Musings toward sweetness … and healing
Mma Ramotswe, of the No. 1 Ladies Detective Agency, Botswana, Africa, found herself near pushed onto a beauty parlor couch for a free facial treatment, with lemon juice and aloes. Like always Mma’s thoughts caused sweet musings. This time about beauty needing to be both inside and out. And for her the most important thing necessarily began inside, for “you could be very glamorous and beautiful on the outside,” she thought, “but if inside you were filled with human faults — jealousy, spite, and the like — then no amount of exterior beauty would make up for that.”
As her private conversation continues, in Alexander McCall Smith’s latest novel — ”The Minor Adjustment Beauty Salon” — she thinks there might be a lemon juice for inside beauty … and immediately realizes that “love was the lemon juice that cleansed and kindness was the aloe that healed” (page 80).
Recent offerings in this Salisbury Post made me think of Mma’s musings, for so many contributors have rested their hopes on prayer, on relying on God as Father-Mother for answers and comfort. On love and kindness. And yes their offerings have warmed my heart — making me feel we’re joined together as neighbors who are learning that “jealousy, spite, and the like” do not bring comfort to ourselves. And certainly not to those we’re thinking of.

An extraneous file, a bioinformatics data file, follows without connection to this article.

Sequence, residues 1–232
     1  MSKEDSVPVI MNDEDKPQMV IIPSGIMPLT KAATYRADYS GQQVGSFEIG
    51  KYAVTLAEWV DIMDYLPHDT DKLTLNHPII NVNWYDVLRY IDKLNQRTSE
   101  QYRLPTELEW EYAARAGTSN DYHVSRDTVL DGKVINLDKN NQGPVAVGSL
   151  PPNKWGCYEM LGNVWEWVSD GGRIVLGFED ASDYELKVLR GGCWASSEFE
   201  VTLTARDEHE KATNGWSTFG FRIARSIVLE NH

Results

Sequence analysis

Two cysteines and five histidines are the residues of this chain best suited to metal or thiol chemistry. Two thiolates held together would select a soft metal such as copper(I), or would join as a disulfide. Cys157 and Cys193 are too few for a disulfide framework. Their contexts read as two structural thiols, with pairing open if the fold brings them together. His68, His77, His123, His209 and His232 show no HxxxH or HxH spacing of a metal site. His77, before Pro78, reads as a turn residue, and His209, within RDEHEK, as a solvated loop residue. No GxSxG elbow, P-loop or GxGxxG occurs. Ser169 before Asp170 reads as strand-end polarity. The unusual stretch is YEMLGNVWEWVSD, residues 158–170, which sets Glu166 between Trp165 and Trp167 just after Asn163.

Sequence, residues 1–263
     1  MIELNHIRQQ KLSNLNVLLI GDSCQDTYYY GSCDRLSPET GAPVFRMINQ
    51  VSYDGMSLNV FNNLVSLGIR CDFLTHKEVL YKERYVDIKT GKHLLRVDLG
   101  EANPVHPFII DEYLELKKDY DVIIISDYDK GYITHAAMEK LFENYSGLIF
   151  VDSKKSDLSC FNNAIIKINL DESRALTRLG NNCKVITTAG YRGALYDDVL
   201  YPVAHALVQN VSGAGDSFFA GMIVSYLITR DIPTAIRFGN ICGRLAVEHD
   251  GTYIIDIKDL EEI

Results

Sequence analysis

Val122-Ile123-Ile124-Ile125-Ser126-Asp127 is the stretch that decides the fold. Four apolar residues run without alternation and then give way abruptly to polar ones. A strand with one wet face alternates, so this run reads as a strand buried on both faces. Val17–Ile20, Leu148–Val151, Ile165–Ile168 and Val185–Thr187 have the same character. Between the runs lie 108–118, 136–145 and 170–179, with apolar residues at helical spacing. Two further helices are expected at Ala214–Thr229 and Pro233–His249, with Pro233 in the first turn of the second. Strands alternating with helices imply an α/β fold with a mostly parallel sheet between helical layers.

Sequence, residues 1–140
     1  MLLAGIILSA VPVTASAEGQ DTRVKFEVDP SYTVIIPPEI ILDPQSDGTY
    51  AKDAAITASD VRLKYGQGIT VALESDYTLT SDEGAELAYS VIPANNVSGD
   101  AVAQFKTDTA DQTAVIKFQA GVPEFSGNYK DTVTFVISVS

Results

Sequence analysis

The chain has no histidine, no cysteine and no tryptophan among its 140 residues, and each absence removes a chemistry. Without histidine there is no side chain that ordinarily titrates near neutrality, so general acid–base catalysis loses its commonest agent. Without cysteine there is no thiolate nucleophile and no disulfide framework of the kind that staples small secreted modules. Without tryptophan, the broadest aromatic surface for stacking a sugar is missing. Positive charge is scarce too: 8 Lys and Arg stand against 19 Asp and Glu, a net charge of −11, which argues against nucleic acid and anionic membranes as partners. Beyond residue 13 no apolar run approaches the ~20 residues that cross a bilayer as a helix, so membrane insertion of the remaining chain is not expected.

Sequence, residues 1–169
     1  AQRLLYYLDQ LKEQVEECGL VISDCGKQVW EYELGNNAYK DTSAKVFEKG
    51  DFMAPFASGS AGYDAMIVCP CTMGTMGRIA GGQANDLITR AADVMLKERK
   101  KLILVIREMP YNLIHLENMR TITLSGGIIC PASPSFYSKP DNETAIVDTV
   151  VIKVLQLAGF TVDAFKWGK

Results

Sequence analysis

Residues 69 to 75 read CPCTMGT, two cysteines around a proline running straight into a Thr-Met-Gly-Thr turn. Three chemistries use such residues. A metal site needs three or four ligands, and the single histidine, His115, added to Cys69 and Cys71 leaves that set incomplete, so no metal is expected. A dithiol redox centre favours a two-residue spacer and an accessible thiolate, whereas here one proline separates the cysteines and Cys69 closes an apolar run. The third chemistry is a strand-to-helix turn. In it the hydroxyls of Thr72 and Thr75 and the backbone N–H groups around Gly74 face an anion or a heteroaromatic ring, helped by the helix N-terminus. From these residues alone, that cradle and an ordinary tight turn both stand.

And at the same time, probably ready to admit that we’re not always filled to the brim with love and running over with kindness. Yet hoping to be ready to push aside judgment that erupts into those jealous and spiteful ways towards ugliness. Perspectives that would exclude our neighbors — near and far — who don’t think quite like we might. Worship as we might.
For some reason this makes me think of the sweetness and beauty and comfort, the innocence, brought to us by animals and birds. Gifts we haven’t earned. And hope that we all — you and me and kids everywhere — will emulate those qualities. Love, that like lemon juice cleanses. Kindness, that like Mma’s aloes heal.
Maybe like the gift of love a swan once gave me and my daughter. An injured foot left the cygnet incapacitated next to the lake trail. Intentionally left by both the heartless and helpless. We couldn’t help ourselves and went back, taking turns stroking her silkiness as we waited for a ride. Ultimately driving a distance to a care center with this elegant calm intelligent creature. I can still feel her presence— a power of kindness and trust. At end of day it wasn’t just about Swan. Not even our hope to save her . . . mostly about a sweet holiness wrapping us up — Swan and hope and urgency — … blessing still these years since. She was somehow the Shepherd preparing a table for us, our cup running over …
So where are my musings going— beyond gratefulness for all those taking time to send their words to the Salisbury Post in honor of a divine Presence, to pray for our and the world’s children? I guess simply to the hope that we’ll truly join each-other-to-each-other to live the love and kindness — the innocence — of butterflies and birds, toddlers and puppies. Our eyes lit with sweetness and joy, maybe even singing in unison:
Quiet, Lord, my froward heart,
Make me gentle, pure, and mild,
Upright, simple, free from art;
Make me as a little child,
From distrust and envy free,
Pleased with all that pleaseth Thee.
— John Newton
Patti Kadick lives in Salisbury. She belongs to the Christian Science church on Statesville Blvd.